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'Evidence to the House of Lords Committee on the state of Agriculture 1837'

This was an exercise by Steve Keates to illustrate the average costing of running a Glamorgan farm in the Vale of Glamorgan (Bro Morgannwg) in the years 1790, 1813 and 1833. The data is derived/adapted from the accounts of comparative expenses given as evidence to the Select Committee, House of Lords on the State of Agriculture. PP Vol V (464) pp 66-69 --- a Mr Evan David presented his evidence about the farm he managed, size of farm is 650 acres. Prices by 1833 were becoming depressed which he blamed in part to the increased import of corn from Ireland and..."our unequal competition with the Irish grower".

What follows is a breakdown of costs and day wages in various farming related jobs.


Table No 1

(Cost is in shillings and pence ----  12d. to the shilling & 20s. to the .) 

*Average paid 3 yrs ending 1833 -*Av. of 3 yrs ending 1813 -*Av. of 3 yrs ending 1790

Labour                                         *-s. /d.  *-s./ d.*-s./ d.

** A Llestraid is a Welsh corn measure of 3.75 bushels

 

*Av. pd 3 yrs ending 1833 *Av. of 3 yrs ending 1813 *Av. of 3 yrs ending 1790

Carpenters' Work         *s. /d.  *s. /d.  *s./ d.

*Av. pd 3 yrs ending 1833 *Av. of 3 yrs ending 1813 *Av. of 3 yrs ending 1790

Smiths' work                    *s. /d. *s./ d. *s. /d.

*Av. pd 3 yrs ending 1833 *Av. of 3 yrs ending 1813 *Av. of 3 yrs ending 1790

Saddlers' work        *s. /d.  *s. /d. * s. /d.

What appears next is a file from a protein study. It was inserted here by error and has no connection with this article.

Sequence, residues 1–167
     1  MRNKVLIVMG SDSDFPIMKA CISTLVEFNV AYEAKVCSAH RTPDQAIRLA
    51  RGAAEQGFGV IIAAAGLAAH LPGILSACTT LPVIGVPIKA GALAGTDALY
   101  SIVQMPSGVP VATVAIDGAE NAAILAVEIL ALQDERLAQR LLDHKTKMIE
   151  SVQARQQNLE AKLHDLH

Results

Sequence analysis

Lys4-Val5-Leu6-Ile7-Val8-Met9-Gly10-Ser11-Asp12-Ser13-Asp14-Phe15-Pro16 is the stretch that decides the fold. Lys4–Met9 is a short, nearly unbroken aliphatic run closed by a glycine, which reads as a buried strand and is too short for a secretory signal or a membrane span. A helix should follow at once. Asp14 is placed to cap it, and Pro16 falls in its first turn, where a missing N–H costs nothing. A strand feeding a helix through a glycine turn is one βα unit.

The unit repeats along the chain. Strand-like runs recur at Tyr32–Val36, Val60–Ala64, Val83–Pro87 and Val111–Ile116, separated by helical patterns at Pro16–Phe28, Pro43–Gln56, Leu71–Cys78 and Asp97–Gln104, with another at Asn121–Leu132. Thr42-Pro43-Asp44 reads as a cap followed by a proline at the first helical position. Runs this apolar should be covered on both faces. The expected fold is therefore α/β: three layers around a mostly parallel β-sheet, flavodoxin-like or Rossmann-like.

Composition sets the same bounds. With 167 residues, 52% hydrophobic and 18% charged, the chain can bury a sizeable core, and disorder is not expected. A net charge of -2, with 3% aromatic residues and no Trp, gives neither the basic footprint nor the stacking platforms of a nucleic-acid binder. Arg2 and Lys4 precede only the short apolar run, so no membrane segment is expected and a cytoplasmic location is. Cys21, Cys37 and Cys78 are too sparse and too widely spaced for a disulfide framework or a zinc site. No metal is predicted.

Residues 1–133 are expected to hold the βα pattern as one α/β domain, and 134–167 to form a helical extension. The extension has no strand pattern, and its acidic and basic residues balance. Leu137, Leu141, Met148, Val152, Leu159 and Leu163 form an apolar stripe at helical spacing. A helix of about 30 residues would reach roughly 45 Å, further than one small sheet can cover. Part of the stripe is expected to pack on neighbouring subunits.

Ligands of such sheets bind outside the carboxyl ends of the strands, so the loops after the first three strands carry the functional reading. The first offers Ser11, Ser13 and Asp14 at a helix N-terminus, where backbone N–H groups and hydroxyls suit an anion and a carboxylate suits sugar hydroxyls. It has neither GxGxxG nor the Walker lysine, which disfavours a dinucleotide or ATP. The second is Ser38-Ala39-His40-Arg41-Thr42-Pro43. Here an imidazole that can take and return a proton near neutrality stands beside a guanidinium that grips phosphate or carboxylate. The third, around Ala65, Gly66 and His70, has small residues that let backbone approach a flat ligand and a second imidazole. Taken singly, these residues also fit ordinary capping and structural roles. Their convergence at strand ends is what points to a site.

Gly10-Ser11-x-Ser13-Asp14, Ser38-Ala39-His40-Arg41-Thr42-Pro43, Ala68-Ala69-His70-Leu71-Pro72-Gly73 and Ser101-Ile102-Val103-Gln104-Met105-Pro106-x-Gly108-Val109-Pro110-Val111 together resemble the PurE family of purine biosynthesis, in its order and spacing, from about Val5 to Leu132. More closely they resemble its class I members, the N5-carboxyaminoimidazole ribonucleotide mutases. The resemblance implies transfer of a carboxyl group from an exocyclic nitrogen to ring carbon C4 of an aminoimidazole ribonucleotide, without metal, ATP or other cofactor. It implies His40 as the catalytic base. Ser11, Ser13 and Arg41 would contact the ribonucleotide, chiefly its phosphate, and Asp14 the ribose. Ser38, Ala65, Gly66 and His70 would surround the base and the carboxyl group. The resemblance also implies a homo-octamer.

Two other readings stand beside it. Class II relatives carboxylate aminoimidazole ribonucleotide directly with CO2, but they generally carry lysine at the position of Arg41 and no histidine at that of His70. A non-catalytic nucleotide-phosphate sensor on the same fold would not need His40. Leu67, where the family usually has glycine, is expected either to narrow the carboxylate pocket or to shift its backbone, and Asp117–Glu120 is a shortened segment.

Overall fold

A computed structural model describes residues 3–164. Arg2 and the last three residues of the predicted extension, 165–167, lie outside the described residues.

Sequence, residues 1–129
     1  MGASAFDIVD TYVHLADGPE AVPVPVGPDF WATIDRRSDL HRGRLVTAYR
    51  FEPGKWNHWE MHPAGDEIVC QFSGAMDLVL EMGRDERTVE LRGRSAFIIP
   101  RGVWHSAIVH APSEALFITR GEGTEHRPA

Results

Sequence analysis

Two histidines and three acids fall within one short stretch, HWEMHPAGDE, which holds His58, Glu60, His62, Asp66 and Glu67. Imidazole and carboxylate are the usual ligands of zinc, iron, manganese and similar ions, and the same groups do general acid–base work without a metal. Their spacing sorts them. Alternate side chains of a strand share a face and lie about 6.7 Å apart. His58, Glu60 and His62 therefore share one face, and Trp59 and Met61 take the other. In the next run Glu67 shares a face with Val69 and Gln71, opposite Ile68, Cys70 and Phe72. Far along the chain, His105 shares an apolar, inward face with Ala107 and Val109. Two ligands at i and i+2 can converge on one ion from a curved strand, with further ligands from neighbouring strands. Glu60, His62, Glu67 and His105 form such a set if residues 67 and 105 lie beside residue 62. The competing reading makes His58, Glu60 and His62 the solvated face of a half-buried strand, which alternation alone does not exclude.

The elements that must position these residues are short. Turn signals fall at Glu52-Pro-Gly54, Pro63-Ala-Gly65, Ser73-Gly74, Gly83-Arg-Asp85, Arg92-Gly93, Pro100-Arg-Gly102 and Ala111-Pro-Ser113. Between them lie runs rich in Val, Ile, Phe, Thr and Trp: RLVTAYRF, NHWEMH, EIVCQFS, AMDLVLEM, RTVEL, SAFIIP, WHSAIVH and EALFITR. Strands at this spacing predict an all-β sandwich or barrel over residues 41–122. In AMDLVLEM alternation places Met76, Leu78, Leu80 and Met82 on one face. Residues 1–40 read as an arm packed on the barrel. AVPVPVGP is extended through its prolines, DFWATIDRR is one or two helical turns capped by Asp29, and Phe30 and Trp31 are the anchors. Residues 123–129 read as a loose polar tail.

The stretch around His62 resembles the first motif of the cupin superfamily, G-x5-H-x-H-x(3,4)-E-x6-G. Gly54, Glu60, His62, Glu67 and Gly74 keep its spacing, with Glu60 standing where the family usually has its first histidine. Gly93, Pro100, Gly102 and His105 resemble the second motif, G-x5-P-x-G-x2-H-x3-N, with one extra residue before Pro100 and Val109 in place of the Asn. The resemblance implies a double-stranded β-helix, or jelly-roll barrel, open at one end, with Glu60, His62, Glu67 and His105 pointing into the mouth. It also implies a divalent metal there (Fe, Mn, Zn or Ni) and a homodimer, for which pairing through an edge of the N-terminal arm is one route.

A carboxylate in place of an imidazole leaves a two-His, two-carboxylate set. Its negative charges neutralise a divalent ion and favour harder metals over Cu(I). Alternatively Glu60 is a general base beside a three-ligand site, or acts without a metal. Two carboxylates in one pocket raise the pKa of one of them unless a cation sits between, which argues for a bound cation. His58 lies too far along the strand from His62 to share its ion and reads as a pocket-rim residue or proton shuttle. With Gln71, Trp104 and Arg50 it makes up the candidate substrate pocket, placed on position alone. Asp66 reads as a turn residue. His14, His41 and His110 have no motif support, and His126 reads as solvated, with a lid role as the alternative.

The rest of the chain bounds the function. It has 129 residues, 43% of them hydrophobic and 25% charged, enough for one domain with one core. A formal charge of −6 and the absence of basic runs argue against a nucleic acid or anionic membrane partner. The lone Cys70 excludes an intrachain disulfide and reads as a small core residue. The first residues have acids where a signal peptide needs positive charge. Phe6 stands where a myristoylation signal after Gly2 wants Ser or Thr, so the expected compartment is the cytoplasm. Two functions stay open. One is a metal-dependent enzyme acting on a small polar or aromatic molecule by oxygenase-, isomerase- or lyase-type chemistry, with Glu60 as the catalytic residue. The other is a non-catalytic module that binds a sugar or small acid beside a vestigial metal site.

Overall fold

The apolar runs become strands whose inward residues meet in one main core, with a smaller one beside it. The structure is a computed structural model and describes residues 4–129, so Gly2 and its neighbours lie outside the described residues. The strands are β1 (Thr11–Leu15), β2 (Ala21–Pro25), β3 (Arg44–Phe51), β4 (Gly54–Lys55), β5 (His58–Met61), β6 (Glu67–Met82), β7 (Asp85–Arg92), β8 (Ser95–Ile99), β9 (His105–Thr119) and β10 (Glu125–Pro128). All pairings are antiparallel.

*Av. pd 3 yrs ending 1833 *Av. of 3 yrs ending 1813 *Av. of 3 yrs ending 1790

Thatchers' work          *s. /d. *s. /d. *s./ d.

*Av. pd 3 yrs ending 1833 *Av. of 3 yrs ending 1813 *Av. of 3 yrs ending 1790

Masons' work            *s. /d.*s. /d.*s. /d.

Rates and taxes

*Av. pd 3 yrs ending 1833 *Av. of 3 yrs ending 1813 *Av. of 3 yrs ending 1790

                                                *s. /d.   *s. /d.   * s./ d.

Household expenses

Sundries, no sums are given but average percentages given are that in 1813 expenses were 60% higher than in 1833 and in 1790 62 % lower than in 1833.

*Av. pd 3 yrs ending 1833* Av. of 3 yrs ending 1813 *Av. of 3 yrs ending 1790

Shoemaker                                *s. /d.  * s. /d.   *s. /d.

*Av. pd 3 yrs ending 1833 *Av. of 3 yrs ending 1813 *Av. of 3 yrs ending 1790

Tailors                           *s. /d.   *s. /d.  *s. /d.

*Av. pd 3 yrs ending 1833 *Av. of 3 yrs ending 1813 *Av. of 3 yrs ending 1790

Coopers                         *s. /d.   *s. /d.   *s. /d.

 

Maids wages etc

*Av. pd 3 yrs ending 1833 *Av. of 3 yrs ending 1813 *Av. of 3 yrs ending 1790


Table No 2

ANNUAL EXPENSES of Cultivating 650 acres of Land (450 Arable and 200 Pasture) at the following periods, according to the previous table, in Glamorganshire.

                                                      *1833       *1813       *1790

                                                        * s.         * s.         * s.


Table No 3

ANNUAL PRODUCE of 600 Acres as per contra.

*Ave net value for 3 yrs ending 1833*Ave net value for 3 yrs ending 1813 *Ave net value for 3 yrs ending 1790